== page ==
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Proud of its 15 years of experience in the recreational and tourism sector, l’Érablière le Chemin du Roy counts on the quality of its services and products to offer all visitors from here and elsewhere the opportunity to live a typical experience inherited from a cultural exchange between the Natives and the first colonies settled in New France.

Long before the Europeans came to Canada, the Natives had to learn how to tap maple trees. They pierced the tree trunk with a Tomahawk, then placed a wood chip under the hole to channel the maple water into a bark receptacle called Mokuk.

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For over 300 years, the maple tree has been an integral part of our culture. There was a time when, as soon as the first spring sunbeam showed up, Quebecers would ask the parish priest to bless the maple grove in order to keep Mother Nature on their side.

Over the centuries, the methods to gather the maple water have changed. Now, there are two different ways to collect this water. One is the bucket method: the installation of this traditional technique are less expensive but require somebody to bring back the maple water to the sugar shack.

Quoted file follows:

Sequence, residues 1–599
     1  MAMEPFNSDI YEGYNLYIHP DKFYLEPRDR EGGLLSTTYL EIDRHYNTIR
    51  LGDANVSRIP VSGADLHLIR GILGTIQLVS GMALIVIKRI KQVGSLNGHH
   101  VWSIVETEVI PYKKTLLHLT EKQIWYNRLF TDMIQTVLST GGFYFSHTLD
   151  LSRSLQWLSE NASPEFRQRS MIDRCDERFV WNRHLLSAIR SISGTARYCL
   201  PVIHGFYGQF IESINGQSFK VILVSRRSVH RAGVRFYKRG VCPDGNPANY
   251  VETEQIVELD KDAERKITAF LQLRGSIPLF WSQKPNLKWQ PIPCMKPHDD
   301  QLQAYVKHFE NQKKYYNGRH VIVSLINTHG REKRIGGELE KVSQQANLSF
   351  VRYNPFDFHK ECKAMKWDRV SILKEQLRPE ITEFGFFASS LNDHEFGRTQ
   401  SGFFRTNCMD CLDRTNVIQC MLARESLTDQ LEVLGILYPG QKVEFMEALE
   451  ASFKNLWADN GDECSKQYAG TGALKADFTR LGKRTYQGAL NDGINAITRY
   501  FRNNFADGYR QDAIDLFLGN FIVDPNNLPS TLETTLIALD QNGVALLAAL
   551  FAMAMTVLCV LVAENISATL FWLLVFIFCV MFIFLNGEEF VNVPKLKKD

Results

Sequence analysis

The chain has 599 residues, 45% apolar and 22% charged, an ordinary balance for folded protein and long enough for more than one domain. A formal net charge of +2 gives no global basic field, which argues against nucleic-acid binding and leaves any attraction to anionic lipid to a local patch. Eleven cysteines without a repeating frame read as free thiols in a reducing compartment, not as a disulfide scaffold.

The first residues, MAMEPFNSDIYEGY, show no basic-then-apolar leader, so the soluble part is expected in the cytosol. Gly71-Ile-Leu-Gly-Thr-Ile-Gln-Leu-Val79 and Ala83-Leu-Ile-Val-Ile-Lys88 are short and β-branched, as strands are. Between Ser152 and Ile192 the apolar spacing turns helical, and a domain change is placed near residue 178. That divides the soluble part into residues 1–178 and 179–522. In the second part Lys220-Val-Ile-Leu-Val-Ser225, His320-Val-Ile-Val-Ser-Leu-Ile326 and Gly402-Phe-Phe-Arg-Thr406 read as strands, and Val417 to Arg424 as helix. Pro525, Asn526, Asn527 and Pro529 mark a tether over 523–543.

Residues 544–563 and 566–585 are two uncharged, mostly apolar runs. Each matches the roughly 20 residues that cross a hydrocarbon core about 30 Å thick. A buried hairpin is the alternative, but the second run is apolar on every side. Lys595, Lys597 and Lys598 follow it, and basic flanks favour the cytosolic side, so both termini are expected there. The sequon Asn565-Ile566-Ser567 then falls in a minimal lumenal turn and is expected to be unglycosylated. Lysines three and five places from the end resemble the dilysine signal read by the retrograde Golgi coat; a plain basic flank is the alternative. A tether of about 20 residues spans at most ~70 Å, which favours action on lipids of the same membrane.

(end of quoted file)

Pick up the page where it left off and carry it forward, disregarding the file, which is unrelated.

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Tubing system : consists in drawing off the maple water from the maple trees to the sugar shack with the help of a pump system. This method requires complex and expensive installations but it increases the quantity of maple water gathered.

The sugar shack Érablière le Chemin du Roy takes its name from the ancestral road (King’s road) that crosses it. This road, which the construction began in 1715 under the French Regime, was drawn up by Mr Pierre Robineau and connected Cap Rouge River to Neuville. In 1734, the link between Quebec and Montreal was completed. It took four days by horse-drawn carriage to cover 267 kilometres on the edge of the St. Lawrence River or in the hinterland. After more than three centuries, we still find a part of this ancestral road on the site of our maple grove.

Our sugar shack, where the maple water is transformed into maple syrup, was built in 1925. In 1989, the famous hockey player Guy Lafleur acquired the maple grove. In 1991, Mr. Real Boissonneault and Mr. Ghislain Vadnais became the new owners and gave another mission to the site : ’Érablière récréo-touristique’. Since 1999, Mr Boissonneault has been the sole owner.